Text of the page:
"They say unto him, Master, this woman was taken in adultery, in the very act.
"Now Moses in the law commanded us, that such should be stoned: but what sayest thou?
"This they said, tempting him, that they might have to accuse him. But Jesus stooped down, and with his finger wrote on the ground, as though he heard them not.
"So when they continued asking him, he lifted up himself, and said unto them, He that is without sin among you, let him first cast a stone at her.
"And again he stooped down, and wrote on the ground.
"And they which heard it, being convicted by their own conscience, went out one by one, beginning at the eldest, even unto the last: and Jesus was left alone, and the woman standing in the midst.
"When Jesus had lifted up himself, and saw none but the woman, he said unto her, Woman, where are those thine accusers? hath no man condemned thee?
"She said, No man, Lord. And Jesus said unto her, Neither do I condemn thee: go, and sin no more" (John 8:4-11).

He encouraged all to repentance. To do so he told one of the greatest of all his parables, of the man that had two sons, an older and a younger. The older son was devoted to his father, obedient to his commands, serving him dutifully. The younger son was apparently of a different disposition with a longing for the things of the world and its pleasures. He requested and received a portion of the father's goods that he would have inherited, thus renouncing his patrimony, so precious to the Jews. He took what he received and went into a far country and spent that which had been given to him in riotous living. It is assumed that he committed many offenses and that his life was wholly at variance with the ideals of his home, but he paid a heavy penalty for his transgressions.

When he had spent all that he had, a mighty famine came in the land, and he found himself in great want. He was obliged to seek work, and his master sent him into the fields to feed swine, perhaps the lowest, most menial and degrading of all things that could come to a Jew. We are told that so great were his hunger and desperation that he would fain have eaten the husks that the swine did eat (Luke 15:11-16).

When so reduced in bodily strength and spirit, he came to himself. We have reason to believe that he was caught in the spirit of repentance, and in his desperation he said to himself: "How many hired servants of my father's have bread enough and to spare, and I perish with hunger!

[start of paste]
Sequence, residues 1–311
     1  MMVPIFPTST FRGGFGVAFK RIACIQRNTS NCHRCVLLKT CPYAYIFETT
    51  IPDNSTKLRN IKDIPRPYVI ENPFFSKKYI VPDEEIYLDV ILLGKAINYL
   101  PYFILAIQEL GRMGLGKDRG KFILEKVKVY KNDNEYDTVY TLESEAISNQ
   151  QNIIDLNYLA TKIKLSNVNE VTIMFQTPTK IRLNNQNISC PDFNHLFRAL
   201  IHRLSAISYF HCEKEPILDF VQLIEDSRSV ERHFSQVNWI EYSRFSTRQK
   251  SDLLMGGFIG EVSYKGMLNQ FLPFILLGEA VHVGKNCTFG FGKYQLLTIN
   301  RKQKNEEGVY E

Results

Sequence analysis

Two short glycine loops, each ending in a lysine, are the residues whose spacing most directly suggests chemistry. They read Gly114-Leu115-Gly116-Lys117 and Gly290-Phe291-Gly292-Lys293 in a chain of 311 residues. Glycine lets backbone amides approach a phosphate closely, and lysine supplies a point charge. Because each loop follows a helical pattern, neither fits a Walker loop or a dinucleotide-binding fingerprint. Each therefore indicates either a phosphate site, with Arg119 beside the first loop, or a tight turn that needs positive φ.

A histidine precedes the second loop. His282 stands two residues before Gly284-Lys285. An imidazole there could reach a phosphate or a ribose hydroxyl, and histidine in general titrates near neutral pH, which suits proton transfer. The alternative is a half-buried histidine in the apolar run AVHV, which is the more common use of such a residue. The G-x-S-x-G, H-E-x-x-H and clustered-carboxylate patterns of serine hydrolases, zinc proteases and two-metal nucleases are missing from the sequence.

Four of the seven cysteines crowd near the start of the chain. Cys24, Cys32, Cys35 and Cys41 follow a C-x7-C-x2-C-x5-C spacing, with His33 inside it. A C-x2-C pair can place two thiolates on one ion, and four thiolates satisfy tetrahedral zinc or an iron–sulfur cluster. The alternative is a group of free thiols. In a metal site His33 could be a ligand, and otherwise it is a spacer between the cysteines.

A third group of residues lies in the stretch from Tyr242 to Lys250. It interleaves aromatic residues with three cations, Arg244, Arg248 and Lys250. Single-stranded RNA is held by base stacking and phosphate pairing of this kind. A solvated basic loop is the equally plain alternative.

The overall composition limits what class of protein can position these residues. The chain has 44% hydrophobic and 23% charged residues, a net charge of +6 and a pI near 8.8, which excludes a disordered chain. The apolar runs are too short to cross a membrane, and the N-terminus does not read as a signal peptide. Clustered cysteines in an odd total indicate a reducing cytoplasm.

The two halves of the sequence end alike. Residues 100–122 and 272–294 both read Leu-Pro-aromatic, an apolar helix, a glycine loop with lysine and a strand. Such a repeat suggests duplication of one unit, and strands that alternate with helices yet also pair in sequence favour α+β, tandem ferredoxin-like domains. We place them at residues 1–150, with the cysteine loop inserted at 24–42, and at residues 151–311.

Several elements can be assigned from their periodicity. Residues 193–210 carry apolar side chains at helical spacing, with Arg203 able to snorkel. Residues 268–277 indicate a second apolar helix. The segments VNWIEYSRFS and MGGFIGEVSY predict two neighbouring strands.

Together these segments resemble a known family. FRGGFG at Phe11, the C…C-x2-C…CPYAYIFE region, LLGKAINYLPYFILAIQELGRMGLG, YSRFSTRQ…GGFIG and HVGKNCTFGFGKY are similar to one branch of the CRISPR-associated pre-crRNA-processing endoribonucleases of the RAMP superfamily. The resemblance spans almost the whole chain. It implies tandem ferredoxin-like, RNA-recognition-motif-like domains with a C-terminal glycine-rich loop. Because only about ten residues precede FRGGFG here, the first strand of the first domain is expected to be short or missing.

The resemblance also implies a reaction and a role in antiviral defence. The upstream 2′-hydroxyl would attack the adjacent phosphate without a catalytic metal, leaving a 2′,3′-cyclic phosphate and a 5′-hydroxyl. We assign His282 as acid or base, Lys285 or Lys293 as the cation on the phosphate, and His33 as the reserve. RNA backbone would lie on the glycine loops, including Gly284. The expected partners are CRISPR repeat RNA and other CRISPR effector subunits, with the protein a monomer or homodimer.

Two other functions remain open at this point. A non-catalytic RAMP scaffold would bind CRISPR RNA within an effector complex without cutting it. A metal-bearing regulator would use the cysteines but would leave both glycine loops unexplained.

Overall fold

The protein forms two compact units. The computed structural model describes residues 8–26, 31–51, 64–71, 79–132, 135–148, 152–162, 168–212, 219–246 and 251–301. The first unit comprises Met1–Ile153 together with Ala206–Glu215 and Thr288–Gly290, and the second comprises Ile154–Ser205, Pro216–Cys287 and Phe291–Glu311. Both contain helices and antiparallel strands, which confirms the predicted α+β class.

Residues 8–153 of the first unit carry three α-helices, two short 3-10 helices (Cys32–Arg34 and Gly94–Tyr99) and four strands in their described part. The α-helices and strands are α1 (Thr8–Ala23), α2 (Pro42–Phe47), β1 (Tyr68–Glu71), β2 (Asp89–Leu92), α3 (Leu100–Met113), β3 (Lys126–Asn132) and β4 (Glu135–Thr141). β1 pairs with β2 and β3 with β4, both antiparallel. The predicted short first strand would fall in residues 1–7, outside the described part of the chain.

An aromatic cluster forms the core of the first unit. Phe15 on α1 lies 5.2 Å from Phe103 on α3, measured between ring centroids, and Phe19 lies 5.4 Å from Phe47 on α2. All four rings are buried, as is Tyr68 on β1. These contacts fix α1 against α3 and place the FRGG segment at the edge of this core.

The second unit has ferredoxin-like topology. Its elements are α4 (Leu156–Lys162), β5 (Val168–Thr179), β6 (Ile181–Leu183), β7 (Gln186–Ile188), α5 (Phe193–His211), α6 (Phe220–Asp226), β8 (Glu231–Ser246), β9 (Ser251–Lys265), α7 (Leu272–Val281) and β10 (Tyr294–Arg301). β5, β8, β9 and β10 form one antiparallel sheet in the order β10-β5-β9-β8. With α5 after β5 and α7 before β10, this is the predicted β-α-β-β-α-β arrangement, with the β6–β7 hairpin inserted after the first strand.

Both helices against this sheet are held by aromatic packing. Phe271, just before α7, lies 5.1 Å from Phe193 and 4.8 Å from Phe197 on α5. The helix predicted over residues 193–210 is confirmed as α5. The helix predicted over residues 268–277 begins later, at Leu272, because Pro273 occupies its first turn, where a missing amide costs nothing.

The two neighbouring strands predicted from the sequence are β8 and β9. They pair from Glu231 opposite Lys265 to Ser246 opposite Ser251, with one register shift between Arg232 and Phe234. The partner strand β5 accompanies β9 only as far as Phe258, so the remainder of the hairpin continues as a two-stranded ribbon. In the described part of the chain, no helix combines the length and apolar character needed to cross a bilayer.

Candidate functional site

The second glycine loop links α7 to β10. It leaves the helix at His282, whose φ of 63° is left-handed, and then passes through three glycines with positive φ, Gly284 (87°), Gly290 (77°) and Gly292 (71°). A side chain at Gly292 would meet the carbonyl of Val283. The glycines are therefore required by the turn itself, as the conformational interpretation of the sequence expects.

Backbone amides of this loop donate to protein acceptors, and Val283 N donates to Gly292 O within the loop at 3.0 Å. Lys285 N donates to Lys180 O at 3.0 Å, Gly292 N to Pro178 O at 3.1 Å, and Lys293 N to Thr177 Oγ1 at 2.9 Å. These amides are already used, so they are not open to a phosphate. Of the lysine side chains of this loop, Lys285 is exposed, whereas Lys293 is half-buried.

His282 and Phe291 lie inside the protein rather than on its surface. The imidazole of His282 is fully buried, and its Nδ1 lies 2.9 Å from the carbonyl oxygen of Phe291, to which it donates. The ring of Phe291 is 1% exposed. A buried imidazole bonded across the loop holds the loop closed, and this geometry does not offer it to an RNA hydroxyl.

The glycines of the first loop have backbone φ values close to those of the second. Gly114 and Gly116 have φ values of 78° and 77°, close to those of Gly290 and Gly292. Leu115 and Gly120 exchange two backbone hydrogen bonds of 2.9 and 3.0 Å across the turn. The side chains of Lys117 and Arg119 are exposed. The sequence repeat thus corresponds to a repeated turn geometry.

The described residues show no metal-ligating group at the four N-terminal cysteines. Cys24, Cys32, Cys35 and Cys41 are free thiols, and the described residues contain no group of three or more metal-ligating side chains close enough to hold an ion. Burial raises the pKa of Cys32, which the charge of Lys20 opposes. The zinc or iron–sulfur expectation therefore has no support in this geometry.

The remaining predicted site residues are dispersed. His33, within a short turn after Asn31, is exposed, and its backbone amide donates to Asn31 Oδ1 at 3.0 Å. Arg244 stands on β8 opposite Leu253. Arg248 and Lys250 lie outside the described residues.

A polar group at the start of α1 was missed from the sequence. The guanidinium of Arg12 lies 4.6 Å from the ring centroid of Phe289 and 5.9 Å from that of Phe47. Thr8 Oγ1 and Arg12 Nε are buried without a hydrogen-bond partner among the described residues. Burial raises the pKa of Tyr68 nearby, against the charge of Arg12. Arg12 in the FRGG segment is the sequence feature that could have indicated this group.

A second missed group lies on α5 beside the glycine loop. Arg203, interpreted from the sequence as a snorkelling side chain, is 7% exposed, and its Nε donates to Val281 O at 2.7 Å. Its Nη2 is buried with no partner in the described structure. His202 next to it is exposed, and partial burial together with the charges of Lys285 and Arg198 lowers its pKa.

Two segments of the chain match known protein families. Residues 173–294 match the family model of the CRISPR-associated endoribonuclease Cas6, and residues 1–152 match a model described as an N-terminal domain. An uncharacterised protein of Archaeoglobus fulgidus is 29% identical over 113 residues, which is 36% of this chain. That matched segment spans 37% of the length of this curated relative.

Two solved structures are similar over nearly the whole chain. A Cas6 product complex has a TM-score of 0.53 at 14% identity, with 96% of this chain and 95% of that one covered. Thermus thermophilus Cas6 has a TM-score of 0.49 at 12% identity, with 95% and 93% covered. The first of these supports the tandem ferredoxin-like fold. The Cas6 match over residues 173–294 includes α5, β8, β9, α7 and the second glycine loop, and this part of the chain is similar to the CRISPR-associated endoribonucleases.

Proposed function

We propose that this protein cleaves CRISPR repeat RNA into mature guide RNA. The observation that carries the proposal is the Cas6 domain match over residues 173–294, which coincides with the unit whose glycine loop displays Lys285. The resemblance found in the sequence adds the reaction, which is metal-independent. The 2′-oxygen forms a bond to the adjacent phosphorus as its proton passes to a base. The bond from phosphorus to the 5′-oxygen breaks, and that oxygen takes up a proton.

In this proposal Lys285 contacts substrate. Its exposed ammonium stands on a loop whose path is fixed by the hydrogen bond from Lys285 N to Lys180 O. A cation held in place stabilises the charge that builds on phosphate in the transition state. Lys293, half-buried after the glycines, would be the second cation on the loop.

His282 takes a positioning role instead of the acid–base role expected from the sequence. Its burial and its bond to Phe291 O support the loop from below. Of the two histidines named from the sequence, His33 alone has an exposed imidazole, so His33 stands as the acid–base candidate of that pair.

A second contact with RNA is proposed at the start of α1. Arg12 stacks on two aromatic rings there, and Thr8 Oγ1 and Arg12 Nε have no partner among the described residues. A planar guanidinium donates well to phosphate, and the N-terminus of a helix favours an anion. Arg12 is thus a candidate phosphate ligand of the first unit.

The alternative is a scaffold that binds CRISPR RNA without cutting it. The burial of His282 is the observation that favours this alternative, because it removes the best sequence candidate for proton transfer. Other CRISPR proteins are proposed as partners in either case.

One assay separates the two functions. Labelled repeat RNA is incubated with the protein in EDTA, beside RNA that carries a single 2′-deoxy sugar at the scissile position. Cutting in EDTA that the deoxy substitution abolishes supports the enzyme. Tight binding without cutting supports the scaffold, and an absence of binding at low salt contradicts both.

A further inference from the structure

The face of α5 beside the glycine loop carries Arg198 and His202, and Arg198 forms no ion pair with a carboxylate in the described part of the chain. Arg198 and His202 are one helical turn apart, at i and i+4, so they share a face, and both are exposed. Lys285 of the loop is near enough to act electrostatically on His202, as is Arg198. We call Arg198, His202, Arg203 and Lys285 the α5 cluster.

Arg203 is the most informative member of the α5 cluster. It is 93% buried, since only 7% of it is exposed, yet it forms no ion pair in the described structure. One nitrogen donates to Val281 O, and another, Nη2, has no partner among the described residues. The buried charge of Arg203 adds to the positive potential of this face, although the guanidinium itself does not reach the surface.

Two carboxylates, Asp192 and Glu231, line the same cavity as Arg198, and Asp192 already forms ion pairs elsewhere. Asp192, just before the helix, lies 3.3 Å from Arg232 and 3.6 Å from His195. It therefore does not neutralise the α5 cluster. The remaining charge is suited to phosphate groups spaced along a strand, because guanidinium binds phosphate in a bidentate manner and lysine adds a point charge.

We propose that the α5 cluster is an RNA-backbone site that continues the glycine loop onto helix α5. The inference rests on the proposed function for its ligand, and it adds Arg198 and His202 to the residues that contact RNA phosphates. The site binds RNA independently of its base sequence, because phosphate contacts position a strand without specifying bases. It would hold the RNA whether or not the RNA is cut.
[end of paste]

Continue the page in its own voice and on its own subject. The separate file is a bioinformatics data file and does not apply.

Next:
"I will arise and go to my father, and will say unto him, Father, I have sinned against heaven, and before thee,
"And am no more worthy to be called thy son: make me as one of thy hired servants.
"And he arose, and came to his father. But when he was yet a great way off, his father saw him, and had compassion, and ran, and fell on his neck, and kissed him.
"And the son said unto him, Father, I have sinned against heaven, and in thy sight, and am no more worthy to be called thy son" (Luke 15:17-21).

But the father, seemingly overjoyed with the son's return, did not reply to his son's exclamation, but he called out to his servants: "Bring forth the best robe and put on him, and bring a ring for his hand and shoes for his feet, and bring hither the fatted calf, and kill it; and let us eat and be merry, for this my son was dead, and he is alive again; he was lost, and he is found" (see Luke 15:22-24).

I have always felt that the Savior intended the father in the parable to typify the Eternal Father of all of us. He knew the rigidity of the Jewish law. He knew what a terrible offense it was to renounce one's patrimony—an unforgivable offense, I assume, in the Jewish household. So he had this wayward son come back to his father, not to be rejected, but to be received and loved. He did not have the younger son restored to all the privileges he had forfeited. The older, more dutiful son, complained of the feast that had been made on the return of his younger brother, but the father consoled him with the statement: "Son, thou art ever with me, and all that I have is thine." And then he repeated to his older boy the words he had said to the younger: "It was meet that we should make merry, and be glad; for this thy brother was dead, and is alive again; and was lost, and is found" (Luke 15:31-32).

I think it is significant that the Lord made it clear in the parable that the younger son had lost much by his wayward course, but in a measure, at least, he paid for it, with his suffering and degradation. Justice requires that. But when the penalty had been exacted, the fond father's heart was gladdened by the repentance and the return of his son. What an encouragement for repentance! How good to know of the mercy and forgiveness of the Father! Better not to have transgressed, but wonderful to be taken back!